Decentralizing Democracy: Governance in Post-conflict Ethnically Divided Countries1

By: MAJ Robert Miske

During our first few academic quarters at NPS, my thesis partner, Wing Commander Srinivas Ganapathiraju (Indian Air Force), and I engaged in some sporadic dialogue while reflecting on the idea of how a country's instability might make it the breeding ground for the kinds of insurgencies that are of interest to our respective countries' armed forces. Then, while reading the 2002 U.S. National Security Strategy for one of our classes, we found ourselves questioning the premise of the "democratic peace theory" upon which much of U.S. strategy is based. We intuitively understood that democracy, in and of itself, may not be necessary or sufficient as a precondition for political stability in a given country. Context matters, and we were both driven to discover under what conditions governance could lead to greater stability in certain types of deeply divided societies, like Iraq and Afghanistan.

Although the growth or decline of an insurgency depends on a number of factors, including the opportunities or threats the insurgency faces, its mobilizing structures, and the strength of the insurgents' cause, we chose to focus our attention on the opportunities and obstacles that are presented by a country's system of governance. While the idea of better understanding governance may not seem an obvious first choice for two combat veterans who have been involved in their respective countries' military efforts to counter insurgencies, we both felt that misaligned governance accounted for more of the problems with recent nation-building efforts in Iraq and Afghanistan than any misguided tactical, operational, or even strategic military efforts in either country.

Beyond identifying a problem with how each country's system of governance fit its population, our discussions kept bringing us back to the realization that there were distinct societal divides in both countries. In each case, governance was considered illegitimate by minority groups whenever they didn't have sufficient voice or representative authority within the central government. It was apparent, however, that some countries with similarly divided societies, like India, have managed to achieve considerable stability over time, thanks to more decentralized systems of governance. We wanted to know whether there was something intrinsically beneficial about India's model of governance that could be applied to other countries with deep-seated divisions. Specifically, we sought to discover whether there is a relationship between the decentralization of governance and political stability in deeply fragmented societies.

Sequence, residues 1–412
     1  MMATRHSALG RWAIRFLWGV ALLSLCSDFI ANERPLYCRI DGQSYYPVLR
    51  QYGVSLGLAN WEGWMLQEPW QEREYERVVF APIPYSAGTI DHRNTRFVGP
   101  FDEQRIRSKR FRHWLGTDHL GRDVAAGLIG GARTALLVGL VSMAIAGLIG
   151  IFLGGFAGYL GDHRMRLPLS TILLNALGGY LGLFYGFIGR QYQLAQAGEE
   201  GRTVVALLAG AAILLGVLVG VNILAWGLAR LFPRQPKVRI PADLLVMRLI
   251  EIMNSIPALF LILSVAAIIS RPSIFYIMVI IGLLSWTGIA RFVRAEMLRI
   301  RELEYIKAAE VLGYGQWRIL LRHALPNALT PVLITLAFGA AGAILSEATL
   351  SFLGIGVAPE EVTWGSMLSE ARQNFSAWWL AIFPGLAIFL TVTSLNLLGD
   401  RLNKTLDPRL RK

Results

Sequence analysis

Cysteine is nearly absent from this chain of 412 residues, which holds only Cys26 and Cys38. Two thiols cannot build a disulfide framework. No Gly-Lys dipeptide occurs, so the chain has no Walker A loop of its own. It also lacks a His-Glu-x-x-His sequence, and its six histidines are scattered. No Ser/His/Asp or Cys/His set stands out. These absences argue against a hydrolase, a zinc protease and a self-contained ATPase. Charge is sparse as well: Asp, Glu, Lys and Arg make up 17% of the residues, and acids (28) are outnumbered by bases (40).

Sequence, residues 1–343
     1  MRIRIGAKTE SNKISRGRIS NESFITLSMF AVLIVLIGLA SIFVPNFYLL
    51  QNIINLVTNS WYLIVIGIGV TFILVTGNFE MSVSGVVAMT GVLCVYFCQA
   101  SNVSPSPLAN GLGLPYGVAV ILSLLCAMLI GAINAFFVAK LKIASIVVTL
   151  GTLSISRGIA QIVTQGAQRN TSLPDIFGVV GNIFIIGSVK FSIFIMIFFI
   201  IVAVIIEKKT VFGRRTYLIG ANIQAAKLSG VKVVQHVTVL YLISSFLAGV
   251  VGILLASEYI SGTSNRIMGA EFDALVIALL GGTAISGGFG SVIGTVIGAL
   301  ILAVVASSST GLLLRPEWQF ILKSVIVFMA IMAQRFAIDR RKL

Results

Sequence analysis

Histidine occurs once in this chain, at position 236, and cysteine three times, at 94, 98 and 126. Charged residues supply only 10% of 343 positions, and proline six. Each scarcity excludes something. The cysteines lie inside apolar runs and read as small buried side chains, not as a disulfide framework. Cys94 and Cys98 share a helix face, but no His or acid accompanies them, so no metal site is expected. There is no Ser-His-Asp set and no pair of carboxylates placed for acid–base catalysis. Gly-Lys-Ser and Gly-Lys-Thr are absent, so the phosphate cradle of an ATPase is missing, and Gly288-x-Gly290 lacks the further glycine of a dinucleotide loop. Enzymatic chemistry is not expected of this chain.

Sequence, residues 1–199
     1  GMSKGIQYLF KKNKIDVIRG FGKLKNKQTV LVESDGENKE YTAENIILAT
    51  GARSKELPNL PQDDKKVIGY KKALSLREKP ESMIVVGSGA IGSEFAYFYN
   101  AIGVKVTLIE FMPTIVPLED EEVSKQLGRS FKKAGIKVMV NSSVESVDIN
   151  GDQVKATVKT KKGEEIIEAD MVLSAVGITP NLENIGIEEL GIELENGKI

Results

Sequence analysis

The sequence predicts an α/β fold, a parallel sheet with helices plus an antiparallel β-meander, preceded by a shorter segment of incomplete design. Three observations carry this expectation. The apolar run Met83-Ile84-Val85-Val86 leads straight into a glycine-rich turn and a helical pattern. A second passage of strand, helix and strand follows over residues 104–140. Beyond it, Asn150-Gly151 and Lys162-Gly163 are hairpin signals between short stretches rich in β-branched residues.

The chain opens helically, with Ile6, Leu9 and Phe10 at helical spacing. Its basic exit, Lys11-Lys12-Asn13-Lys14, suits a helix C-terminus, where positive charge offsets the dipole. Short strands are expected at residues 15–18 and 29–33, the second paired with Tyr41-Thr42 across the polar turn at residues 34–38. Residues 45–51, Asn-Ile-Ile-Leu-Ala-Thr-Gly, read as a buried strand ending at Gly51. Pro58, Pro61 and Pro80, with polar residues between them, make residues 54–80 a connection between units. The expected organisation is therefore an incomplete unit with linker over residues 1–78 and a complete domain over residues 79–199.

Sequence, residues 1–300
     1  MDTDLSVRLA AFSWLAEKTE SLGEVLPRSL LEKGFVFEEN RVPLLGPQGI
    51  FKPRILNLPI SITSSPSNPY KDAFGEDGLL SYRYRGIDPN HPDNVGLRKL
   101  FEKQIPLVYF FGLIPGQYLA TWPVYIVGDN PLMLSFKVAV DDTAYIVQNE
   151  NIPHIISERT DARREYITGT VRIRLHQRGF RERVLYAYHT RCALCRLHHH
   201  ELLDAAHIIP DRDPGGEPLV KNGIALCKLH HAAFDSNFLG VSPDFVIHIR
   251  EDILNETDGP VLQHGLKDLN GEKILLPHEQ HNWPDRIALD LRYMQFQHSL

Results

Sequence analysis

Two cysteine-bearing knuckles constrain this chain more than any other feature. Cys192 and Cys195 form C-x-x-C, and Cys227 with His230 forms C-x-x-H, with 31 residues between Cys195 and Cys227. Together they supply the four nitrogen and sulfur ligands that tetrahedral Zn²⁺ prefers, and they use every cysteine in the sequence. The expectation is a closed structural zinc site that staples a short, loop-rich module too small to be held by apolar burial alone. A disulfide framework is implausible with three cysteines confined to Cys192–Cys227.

In the course of our early literature review and while designing the theoretical framework for our thesis proposal, we were introduced to the ideas of consociational democracy2 and social fit theory.3 Our discussions with faculty about these concepts were instrumental to how we conceived of both the governance problem that confronts divided countries, and a governance model to help stabilize such societies. We consequently formulated a framework to assess the degree of social fit between a country's method of governance and its population's ethnic fractionalization (or divisiveness).

In our framework, we listed some of the most important factors that comprise "national identity" (the column Independent Variables in Figure 1). We also included the four prominent tenets of consociational democracy that comprise power-sharing (the column Dependent Variables in Figure 1). We used this theoretical framework as a model to understand the various dynamics affecting a country's stability, and ultimately to test our hypothesis that correlates better "social fit" and greater decentralization with stability.

Although we arrived at our problem statement and research question fairly quickly, we knew that our methodology for studying the nature of the relationship between governance and stability required considerably more attention. It was important for us to devise our case selection criteria in such a way that we could be reasonably sure that if we saw a change in governance, we would see a corresponding change in stability. Furthermore, we wanted to limit our subset of countries to those that were not only highly fragmented, but had shown a propensity towards conflict as a result of those societal divisions. We decided that post-conflict ethnically divided countries would best meet these criteria and test our model.